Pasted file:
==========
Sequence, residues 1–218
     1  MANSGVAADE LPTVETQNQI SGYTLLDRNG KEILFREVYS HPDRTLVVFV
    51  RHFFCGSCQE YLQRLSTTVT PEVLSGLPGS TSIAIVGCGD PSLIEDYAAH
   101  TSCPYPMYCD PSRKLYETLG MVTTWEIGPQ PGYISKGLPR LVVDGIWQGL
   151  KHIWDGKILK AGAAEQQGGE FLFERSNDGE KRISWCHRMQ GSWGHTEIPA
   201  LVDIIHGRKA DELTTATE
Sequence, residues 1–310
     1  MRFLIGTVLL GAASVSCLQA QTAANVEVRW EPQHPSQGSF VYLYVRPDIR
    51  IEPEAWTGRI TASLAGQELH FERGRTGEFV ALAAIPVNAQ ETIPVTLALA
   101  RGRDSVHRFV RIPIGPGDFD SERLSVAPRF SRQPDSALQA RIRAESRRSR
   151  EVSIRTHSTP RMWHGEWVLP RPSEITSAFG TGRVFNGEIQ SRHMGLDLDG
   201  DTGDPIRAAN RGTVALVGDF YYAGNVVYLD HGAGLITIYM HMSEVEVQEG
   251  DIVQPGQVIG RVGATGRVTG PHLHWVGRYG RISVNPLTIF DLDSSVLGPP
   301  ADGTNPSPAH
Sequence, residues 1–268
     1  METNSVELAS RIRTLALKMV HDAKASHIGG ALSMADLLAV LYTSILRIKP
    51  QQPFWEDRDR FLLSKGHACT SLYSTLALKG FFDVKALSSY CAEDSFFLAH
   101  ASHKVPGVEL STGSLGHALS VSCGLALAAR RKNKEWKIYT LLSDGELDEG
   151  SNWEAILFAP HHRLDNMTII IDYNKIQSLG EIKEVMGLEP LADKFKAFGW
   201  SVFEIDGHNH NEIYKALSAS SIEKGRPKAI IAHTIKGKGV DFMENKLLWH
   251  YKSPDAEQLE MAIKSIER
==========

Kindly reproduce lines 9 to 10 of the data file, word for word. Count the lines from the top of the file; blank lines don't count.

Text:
    51  IEPEAWTGRI TASLAGQELH FERGRTGEFV ALAAIPVNAQ ETIPVTLALA
   101  RGRDSVHRFV RIPIGPGDFD SERLSVAPRF SRQPDSALQA RIRAESRRSR